The stock market has rallied this year on hope that economic growth would finally accelerate beyond its sluggish pace.
That bet seemed to pay off Thursday as the Dow Jones industrial average vaulted over 17,000 for the first time.
Share prices jumped after a better-than-expected jobs report bolstered hopes for an economic surge in the coming months.
"We're at the cusp of starting to see a sustainably higher growth rate than we've seen in the past," said Bruce Simon, chief investment officer at
The Dow jumped 92.02 points, or 0.5%, to 17,068.26. The blue-chip indicator is up 3% this year.
The unemployment report showed that the economy added 288,000 jobs in June. Employment gains in the previous two months were revised upward and the U.S. jobless rate dropped to 6.1%, the lowest since late 2008.
Stocks also are being driven by the ultra-low interest rates engineered by the
Some experts worried that the strong jobs number could coax the Fed to act sooner, but many others say that's unlikely.
Investors are hoping for an end to the pattern of frustratingly mixed economic signals that has become the norm over the last several years.
The economy has repeatedly appeared poised to achieve a 3% annual growth rate, hardly blockbuster in historical terms but unattainable since the financial crisis.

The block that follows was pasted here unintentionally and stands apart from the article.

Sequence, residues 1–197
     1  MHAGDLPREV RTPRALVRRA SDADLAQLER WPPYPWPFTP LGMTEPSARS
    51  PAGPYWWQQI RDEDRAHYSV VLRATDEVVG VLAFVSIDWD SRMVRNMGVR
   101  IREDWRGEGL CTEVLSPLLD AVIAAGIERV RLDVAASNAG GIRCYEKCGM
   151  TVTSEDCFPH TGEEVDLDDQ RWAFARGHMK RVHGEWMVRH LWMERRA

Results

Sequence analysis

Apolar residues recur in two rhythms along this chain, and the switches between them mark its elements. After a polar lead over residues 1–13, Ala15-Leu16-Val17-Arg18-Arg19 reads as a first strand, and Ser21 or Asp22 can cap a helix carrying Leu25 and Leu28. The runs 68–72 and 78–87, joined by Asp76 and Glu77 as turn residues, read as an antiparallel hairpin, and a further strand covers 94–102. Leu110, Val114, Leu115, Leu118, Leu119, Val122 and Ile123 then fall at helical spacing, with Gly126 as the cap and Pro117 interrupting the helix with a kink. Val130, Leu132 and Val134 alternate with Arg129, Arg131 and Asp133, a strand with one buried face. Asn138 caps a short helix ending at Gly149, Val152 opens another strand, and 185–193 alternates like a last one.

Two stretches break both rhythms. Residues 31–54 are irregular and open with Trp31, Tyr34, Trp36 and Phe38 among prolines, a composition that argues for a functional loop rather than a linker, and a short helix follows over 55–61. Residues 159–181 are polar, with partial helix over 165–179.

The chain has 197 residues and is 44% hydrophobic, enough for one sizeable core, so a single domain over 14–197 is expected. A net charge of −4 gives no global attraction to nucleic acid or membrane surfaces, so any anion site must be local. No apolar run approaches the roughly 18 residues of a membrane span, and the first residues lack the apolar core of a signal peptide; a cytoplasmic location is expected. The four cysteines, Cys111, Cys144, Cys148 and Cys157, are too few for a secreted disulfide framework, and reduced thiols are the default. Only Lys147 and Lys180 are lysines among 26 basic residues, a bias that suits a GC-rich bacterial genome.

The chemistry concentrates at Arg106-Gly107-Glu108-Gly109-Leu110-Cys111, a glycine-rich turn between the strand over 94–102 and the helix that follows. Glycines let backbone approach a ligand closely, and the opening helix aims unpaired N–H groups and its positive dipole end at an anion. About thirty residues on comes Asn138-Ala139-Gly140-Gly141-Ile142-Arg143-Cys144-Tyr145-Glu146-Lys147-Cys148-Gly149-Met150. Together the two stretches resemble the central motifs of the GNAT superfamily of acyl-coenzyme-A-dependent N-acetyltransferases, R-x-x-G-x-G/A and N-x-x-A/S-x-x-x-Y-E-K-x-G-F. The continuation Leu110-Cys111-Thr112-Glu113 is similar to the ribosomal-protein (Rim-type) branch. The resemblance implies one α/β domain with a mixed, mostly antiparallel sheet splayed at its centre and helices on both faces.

Investors were optimistic as the year began, but inclement weather caused an unexpected decline in first-quarter gross domestic product.
However, bulls have clung to the notion that the economy would pick up steam. Some investors worry that share prices are getting ahead of underlying corporate earnings, but bulls say the combination of rising growth, low interest rates and modest inflation could continue boosting the market.
"We think stocks have more room to move higher," Simon said.
The market clearly has been helped by the lack of plausible alternative investments. Low rates have dulled the appeal of bonds and bank savings accounts.
"There's no competition for stocks," said John Bollinger, head of Bollinger Capital Management in Manhattan Beach. "There's no place else around to invest your money."
Even though the S&P 500 has nearly tripled since its 2009 trough, the rally is convincing some individual investors to now move back into equities.
"Clients are increasingly willing to say 'I lost a lot of money in the downturn in '08 and '09, but I'm more and more convinced this is a trend that's going to sustain itself for a while,'" Simon said. "People are becoming more comfortable with the stock market."
Not everyone believes the economy is improving.
The recent hiring burst is primarily the result of a snap-back after the winter storms, Bollinger said.
"The fundamentals aren't terrible, but they're not great either," he said.
Still, he doesn't see anything that could yank stock prices down in the near future as investors become more bullish.
"It's just not time for [the market] to go down yet," Bollinger said.